This first novel by author Jane Rusbridge caught my eye because it starts with a Glossary of Knots! I put it on the To Read pile. Then I picked it up and read the first chapter; a bad habit. Then I had to read it.
The book is stylishly written with an attention to detail which put me right back in the late 50s/early 60s of my childhood. The construction of the novel is cleverly designed to draw you in; well, it drew me in.
The opening chapter details a moment of everyday ordinariness which turns, in a split second, into a moment of nightmarish, life-changing horror. That tiny fraction of time when a life changes for ever.
The book is composed in five parts. In the first part, apparently unconnected stories of different people in differing times and places are laid down. The second and third parts find these stories touching, crossing, connecting and becoming clearer. In the fourth part of the book, the beauty of the pattern of this story has emerged and in the final part all strands are joined in a satisfying and interesting way. Rather like the tying of a complex knot I guess.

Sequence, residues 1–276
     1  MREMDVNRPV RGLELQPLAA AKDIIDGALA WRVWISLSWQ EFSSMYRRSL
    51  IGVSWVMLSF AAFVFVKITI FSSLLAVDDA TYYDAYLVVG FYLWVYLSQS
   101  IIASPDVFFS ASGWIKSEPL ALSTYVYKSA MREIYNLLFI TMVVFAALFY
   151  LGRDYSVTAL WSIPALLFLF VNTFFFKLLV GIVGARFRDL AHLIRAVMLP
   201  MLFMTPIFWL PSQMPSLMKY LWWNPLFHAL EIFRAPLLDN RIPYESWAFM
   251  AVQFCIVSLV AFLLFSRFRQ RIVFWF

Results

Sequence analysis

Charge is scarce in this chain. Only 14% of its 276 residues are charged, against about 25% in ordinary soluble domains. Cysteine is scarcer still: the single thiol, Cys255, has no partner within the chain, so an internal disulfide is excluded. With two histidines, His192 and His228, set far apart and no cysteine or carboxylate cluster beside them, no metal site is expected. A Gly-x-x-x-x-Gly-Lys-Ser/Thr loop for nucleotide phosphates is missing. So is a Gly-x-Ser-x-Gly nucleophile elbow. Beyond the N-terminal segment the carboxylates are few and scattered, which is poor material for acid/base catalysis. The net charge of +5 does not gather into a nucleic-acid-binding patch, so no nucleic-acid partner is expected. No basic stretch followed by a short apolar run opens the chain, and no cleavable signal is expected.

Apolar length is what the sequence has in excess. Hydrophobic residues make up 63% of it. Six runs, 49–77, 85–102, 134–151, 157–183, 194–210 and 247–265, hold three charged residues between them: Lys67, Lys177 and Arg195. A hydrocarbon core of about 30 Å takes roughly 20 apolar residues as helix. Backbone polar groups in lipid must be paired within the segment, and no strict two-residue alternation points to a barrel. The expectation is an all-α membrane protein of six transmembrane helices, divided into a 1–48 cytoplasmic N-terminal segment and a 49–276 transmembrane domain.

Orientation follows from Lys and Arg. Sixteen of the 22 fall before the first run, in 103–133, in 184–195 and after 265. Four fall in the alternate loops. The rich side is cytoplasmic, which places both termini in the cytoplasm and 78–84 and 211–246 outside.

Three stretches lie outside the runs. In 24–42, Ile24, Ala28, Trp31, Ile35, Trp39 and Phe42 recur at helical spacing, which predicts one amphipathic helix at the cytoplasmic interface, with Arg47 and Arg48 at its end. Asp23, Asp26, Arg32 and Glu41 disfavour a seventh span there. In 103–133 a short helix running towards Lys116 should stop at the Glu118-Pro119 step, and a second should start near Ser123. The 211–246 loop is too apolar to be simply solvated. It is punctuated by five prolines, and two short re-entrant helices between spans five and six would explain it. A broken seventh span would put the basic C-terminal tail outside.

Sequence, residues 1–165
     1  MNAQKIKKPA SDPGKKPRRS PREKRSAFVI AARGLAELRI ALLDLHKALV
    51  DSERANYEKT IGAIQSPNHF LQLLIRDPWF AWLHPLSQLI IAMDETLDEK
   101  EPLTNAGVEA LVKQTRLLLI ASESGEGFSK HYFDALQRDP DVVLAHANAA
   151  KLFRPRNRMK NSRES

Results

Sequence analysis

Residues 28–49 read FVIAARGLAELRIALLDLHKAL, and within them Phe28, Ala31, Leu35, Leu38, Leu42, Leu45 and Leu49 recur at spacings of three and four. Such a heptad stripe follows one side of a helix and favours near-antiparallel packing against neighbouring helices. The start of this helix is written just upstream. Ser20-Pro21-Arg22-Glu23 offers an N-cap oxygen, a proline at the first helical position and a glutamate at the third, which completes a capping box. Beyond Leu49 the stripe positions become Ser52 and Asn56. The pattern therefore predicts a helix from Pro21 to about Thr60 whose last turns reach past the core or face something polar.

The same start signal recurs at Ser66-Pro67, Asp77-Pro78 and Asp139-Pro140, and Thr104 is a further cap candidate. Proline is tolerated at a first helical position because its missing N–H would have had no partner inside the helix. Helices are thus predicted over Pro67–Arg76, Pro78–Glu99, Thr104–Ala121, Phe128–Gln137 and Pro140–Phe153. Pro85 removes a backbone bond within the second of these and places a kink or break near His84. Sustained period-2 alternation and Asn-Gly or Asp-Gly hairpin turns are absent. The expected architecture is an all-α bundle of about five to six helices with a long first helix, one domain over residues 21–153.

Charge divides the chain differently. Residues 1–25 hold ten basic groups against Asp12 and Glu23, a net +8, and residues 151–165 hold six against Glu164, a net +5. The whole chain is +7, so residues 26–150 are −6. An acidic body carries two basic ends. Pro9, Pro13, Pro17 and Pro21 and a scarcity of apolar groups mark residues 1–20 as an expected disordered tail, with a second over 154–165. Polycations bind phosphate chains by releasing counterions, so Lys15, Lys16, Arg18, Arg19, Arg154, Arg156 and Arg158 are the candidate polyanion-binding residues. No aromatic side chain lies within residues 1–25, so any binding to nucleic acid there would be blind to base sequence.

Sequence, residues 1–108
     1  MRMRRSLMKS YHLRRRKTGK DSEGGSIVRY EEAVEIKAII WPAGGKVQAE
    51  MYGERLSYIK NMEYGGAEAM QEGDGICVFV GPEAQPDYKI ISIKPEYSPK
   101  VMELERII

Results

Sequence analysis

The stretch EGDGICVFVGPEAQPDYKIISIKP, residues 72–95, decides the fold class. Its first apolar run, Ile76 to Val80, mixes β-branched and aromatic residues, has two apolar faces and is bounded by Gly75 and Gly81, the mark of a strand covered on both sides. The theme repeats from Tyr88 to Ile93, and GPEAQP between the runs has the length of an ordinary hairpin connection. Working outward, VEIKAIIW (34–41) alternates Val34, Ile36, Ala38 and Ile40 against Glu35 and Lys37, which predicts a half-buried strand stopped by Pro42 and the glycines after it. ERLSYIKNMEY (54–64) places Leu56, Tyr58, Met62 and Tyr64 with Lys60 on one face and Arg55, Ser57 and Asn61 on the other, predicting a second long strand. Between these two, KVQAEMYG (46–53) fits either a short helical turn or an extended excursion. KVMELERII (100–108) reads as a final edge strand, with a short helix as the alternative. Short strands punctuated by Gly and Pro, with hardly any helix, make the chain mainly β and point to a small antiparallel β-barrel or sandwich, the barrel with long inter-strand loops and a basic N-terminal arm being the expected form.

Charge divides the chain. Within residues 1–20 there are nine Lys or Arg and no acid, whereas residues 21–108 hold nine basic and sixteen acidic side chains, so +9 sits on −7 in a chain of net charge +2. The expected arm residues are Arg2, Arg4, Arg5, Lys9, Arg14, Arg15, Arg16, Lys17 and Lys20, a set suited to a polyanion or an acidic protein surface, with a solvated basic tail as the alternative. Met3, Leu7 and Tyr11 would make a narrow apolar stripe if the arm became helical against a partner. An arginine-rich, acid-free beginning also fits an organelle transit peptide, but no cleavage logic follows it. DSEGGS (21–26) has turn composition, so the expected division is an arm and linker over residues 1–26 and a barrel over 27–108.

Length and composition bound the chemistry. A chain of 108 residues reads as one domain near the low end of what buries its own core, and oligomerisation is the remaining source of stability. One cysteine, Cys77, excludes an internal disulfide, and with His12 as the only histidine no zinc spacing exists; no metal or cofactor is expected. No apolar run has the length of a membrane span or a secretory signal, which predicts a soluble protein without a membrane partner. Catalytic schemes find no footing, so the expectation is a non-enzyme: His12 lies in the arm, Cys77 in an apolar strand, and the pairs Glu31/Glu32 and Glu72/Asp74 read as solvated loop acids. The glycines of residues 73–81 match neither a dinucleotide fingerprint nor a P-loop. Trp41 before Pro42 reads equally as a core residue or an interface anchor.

I particularly enjoyed the chapters written from the perspective of a nine year old boy, reminding me of Dirk Bogardes wonderful 'Great Meadow'. How might you feel when faced with a plate of Spam, lumpy mashed potato and beetroot? Yuk!
Very British, pleasingly understated and written in an entertaining style, the book touches on issues of interpersonal relationships, obsession, social taboos even the borderline-autism of the male mind.
I was left with a slight regret when I finished the book and feel a little jealous of those who haven't yet read it. That's how I usually feel when I finish a great book.
Thus, five stars.